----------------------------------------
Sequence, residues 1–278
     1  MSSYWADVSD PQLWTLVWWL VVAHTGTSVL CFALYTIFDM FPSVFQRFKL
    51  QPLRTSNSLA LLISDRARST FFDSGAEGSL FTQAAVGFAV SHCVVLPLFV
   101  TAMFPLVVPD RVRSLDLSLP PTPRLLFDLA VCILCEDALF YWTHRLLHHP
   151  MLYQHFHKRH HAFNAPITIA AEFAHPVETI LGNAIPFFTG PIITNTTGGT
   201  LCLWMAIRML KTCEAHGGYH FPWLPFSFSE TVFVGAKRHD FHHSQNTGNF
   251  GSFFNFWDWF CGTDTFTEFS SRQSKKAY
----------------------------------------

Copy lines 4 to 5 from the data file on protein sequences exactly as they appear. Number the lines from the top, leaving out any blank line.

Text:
   101  TAMFPLVVPD RVRSLDLSLP PTPRLLFDLA VCILCEDALF YWTHRLLHHP
   151  MLYQHFHKRH HAFNAPITIA AEFAHPVETI LGNAIPFFTG PIITNTTGGT